Top 10 free tools for digital forensic investigation

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We’ve compiled the top 10 free tools to help you become a super sleuth.

Sans Sift is a complete investigative toolkit that runs of a Ubuntu based live CD. It has a wealth of applications that will allow you to conduct in-depth forensic and incident response investigations.

The Sleuth Kit also offers an in-depth analysis of file systems.It comes packaged with Autopsy that offers additional features, including, timeline analysis, hash filtering, file system analysis
and keyword searching.

FTK Imager provides you with a data preview and imaging tool allowing you to view findings
in Windows Explorer. It can examine files and folders on local and network drives, and also review the contents of memory dumps.

If you want a bundle of popular free forensic tools, then look no further than DEFT. It includes tools for mobile a network forensics, data recovery, and hashing.

Volatility extracts digital artefacts from RAM dumps, giving you details of running processes, open network sockets, DLL’s loaded, and a host other information.

If you want to know the last user actions and events that occurred on a machine, then give LastActivityView a try. The information it uncovers can be exported to a CSV, SML or HTML file.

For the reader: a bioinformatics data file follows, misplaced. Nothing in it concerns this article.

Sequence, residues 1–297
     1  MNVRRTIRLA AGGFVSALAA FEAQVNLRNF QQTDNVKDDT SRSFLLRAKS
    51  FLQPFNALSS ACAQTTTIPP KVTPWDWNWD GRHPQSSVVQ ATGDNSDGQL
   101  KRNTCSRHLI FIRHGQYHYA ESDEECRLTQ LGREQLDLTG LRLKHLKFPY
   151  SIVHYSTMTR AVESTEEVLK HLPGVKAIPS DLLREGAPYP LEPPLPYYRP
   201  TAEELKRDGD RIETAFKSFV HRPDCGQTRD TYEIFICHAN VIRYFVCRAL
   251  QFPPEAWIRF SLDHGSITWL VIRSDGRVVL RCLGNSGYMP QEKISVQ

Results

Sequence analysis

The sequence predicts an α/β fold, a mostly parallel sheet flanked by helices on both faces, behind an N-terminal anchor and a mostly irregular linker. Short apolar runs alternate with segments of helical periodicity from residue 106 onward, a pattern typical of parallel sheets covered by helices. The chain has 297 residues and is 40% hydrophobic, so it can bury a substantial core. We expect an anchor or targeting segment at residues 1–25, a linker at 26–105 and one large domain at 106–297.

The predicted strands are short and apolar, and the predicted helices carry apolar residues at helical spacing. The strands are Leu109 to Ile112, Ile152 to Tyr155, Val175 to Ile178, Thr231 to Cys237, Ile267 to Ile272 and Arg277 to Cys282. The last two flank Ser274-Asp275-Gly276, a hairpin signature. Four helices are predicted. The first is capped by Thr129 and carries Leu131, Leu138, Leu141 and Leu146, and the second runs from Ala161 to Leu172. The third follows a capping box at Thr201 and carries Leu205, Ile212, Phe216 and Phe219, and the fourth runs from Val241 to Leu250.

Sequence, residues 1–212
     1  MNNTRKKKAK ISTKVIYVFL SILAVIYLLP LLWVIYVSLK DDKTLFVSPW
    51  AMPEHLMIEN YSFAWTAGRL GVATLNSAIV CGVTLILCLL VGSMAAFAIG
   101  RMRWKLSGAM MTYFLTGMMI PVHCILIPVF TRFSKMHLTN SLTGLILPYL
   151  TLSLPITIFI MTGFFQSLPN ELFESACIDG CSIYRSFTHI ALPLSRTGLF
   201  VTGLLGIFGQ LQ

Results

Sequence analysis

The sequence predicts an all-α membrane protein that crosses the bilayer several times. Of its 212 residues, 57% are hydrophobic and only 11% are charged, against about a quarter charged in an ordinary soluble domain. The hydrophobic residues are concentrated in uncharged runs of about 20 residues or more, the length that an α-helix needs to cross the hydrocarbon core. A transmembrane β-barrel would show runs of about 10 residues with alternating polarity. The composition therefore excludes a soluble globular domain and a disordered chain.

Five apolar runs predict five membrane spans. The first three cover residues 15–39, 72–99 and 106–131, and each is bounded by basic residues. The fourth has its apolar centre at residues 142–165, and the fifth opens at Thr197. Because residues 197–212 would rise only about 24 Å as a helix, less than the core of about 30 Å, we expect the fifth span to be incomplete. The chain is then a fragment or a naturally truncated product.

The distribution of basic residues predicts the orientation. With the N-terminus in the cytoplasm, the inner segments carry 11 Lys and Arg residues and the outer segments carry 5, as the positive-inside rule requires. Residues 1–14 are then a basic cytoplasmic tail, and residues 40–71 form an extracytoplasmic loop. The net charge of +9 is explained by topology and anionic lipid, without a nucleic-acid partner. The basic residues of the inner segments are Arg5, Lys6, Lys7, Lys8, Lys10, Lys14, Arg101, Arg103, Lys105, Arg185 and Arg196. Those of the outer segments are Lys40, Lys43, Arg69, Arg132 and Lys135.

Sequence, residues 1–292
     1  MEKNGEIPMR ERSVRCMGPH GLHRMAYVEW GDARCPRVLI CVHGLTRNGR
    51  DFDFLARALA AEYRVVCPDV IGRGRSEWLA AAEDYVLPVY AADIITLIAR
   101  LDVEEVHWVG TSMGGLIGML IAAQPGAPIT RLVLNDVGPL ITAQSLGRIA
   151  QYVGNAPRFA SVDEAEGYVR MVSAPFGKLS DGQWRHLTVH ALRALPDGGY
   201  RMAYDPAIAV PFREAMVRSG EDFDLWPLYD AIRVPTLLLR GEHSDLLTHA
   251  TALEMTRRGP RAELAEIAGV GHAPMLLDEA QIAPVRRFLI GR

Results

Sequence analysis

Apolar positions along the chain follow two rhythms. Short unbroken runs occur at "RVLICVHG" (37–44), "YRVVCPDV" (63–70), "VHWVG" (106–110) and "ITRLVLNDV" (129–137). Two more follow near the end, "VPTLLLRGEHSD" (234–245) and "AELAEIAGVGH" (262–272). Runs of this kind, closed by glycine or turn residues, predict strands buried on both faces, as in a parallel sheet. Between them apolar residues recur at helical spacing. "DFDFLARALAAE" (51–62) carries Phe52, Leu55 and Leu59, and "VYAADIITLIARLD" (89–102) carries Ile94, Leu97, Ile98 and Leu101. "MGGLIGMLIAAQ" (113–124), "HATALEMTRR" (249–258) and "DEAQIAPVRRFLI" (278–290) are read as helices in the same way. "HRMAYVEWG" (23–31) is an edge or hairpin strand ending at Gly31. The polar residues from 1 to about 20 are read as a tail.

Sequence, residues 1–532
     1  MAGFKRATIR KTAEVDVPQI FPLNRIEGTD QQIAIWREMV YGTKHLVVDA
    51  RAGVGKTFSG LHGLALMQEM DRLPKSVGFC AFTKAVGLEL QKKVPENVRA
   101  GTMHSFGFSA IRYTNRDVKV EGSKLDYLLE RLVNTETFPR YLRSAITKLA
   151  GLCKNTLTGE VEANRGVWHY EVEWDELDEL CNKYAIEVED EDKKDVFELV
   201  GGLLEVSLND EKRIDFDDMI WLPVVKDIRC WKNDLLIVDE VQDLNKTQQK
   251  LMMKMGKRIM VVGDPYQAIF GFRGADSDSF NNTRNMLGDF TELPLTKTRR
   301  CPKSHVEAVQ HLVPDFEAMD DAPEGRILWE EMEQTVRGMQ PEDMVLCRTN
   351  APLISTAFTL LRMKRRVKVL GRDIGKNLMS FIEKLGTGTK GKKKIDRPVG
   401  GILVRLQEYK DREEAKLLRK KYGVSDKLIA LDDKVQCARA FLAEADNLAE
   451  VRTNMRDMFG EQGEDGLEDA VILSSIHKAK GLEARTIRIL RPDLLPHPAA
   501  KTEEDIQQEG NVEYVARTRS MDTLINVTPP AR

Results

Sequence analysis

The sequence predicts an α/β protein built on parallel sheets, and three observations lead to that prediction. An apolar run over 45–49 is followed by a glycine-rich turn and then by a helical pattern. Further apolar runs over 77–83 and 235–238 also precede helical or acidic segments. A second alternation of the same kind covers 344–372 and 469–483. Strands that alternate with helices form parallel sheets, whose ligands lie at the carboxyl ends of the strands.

HxD is a user-friendly low-level hex editor that can be used on raw disk or main memory. It has a wealth of features, including exporting, file shredding and splitting of files.

Computer Aided Investigated Environmental, or CAINE, is a user-friendly way to create reports for your investigations as well as also packing some good forensic tools.

Want to examine a specific host? Mandiant RedLine will do that by collecting a huge amount of information on running processes, drivers, file system metadata, event logs and many other elements.

And finally, PlainSight is a live CD that allows you to perform forensic tasks such as looking into Internet histories, gathering data on USB device usage, extracting password hashes and others.

These tools will allow you to get to grips with digital forensics, perform analysis, and track down those that would do your network, or your organization harm. So should you use these tools? Well of course you should.

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